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Microsoft brings Azure to India

The company's cloud computing platform is now commercially available in India, complete with access to all existing U.S. services.

The Daily Cloud

Azure going around the world
Microsoft has opened the doors on an Azure service for the subcontinent. Azure in India will include access to all of the services available in the U.S. Details are sparse, but comments indicate that Microsoft has replicated Azure's infrastructure in local data centers and will be selling its cloud services from there.

Microsoft India reportedly has 1.2 million developers in the channel and Microsoft proper has invested about $2 billion in India since 2005. The Azure launch may shake up Amazon and Google, who have been focusing on the U.S. and the EMEA.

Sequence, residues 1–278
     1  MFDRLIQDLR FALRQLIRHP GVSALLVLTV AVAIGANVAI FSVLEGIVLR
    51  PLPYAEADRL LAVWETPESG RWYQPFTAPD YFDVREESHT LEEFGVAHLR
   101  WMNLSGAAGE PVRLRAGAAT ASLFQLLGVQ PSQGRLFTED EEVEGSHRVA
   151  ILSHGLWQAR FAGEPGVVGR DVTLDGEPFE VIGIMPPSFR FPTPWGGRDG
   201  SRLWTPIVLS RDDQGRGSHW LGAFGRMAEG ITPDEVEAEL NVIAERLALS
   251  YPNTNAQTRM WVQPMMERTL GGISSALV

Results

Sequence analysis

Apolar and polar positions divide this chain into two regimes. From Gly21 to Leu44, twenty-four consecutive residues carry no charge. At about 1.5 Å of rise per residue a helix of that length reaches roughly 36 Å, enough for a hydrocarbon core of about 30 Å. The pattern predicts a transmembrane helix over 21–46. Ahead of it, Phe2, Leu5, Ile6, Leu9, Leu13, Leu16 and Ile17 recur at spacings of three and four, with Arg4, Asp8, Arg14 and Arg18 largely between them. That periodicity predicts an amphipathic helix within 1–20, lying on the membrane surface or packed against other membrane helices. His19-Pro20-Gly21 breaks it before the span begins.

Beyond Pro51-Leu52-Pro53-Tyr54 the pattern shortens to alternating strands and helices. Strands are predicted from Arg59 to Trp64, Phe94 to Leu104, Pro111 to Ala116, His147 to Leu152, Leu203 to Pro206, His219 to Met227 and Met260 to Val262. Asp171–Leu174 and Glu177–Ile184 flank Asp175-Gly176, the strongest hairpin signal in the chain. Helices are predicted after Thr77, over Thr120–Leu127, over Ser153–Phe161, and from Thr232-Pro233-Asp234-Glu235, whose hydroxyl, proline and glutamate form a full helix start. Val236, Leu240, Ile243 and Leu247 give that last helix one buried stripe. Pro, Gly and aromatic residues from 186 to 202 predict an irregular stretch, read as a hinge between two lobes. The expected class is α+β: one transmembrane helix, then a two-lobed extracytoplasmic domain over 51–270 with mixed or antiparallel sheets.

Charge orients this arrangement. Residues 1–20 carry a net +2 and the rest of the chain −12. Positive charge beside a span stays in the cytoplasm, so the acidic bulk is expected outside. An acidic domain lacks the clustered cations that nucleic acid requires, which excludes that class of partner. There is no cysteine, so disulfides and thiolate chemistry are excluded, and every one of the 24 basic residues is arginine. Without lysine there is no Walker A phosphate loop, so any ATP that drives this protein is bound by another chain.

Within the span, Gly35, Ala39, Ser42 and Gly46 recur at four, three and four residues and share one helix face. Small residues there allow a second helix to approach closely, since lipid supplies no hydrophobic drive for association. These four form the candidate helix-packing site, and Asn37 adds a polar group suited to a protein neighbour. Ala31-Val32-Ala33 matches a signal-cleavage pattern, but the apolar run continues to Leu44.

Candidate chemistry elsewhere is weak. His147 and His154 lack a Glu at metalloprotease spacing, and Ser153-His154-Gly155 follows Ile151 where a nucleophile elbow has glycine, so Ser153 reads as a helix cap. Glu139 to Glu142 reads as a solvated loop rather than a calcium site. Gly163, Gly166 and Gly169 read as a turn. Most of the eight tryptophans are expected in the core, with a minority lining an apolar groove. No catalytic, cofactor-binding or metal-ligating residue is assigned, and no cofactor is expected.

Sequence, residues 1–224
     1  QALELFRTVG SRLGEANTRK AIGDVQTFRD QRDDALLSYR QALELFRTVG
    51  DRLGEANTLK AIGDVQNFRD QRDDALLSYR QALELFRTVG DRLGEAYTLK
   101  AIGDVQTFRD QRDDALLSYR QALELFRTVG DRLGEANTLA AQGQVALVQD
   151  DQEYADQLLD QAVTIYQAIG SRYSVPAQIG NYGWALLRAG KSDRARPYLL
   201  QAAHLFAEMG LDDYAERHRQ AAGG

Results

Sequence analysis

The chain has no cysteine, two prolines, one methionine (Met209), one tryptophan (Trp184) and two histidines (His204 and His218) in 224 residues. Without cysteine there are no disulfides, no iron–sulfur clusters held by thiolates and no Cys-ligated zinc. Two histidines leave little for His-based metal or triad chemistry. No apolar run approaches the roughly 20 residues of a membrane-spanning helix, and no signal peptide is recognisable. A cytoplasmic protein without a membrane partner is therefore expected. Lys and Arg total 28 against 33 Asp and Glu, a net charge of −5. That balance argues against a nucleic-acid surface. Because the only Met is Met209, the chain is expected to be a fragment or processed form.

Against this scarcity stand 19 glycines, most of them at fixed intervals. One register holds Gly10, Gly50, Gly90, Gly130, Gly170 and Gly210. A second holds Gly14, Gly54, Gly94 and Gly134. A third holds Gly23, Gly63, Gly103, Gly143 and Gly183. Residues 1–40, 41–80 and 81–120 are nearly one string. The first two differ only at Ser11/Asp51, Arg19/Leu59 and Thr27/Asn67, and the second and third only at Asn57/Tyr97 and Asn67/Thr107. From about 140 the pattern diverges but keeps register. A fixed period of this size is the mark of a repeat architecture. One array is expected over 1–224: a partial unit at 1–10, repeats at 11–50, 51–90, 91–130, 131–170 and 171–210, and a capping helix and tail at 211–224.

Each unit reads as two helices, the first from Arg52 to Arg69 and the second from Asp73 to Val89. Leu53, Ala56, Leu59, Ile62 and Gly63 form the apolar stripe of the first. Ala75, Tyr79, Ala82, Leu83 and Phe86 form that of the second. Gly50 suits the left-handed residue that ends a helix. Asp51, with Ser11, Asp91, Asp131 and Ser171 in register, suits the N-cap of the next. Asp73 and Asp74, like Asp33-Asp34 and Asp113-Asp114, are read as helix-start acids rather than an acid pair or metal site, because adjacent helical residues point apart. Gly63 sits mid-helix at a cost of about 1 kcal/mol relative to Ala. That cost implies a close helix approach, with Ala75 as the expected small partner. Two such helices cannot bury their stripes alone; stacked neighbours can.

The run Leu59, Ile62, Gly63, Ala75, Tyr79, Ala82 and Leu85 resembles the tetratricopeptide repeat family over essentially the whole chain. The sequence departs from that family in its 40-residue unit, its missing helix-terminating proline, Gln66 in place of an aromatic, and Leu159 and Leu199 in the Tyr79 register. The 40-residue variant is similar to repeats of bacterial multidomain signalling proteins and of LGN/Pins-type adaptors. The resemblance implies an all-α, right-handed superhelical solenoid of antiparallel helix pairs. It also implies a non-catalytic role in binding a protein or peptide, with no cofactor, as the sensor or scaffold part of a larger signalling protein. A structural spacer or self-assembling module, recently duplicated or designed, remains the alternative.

New VMware goodies from jclouds
VMware users can now use jclouds' Cargo application configuration directly on vCloud Express, streamlining the shift from internal virtual machines (VMs) to outside clouds (provided they run VMware, of course). Cargo automates the rollout of J2EE containers, and jclouds, the brainchild of Adrian Cole, is an open source project aimed at supporting a variety of cloud providers through a single interface. Cole now works for VMware.

Amazon contemplates cloud changes for security
Amazon Web Services (AWS) security wonk Steve Riley used an RSA Conference panel to announce that AWS is contemplating a managed encryption service that would let users generate encryption keys for AWS services. AWS would then curate the keys on dedicated, secure hardware platforms, something that seems spiritually akin to Intel's Trusted Computing Platform concept, but, without the hardware lock-in to Intel -- only cloud lock-in to AWS.

Amazon also indicated it might participate in the Cloud Security Alliance's Trusted Cloud Initiative.

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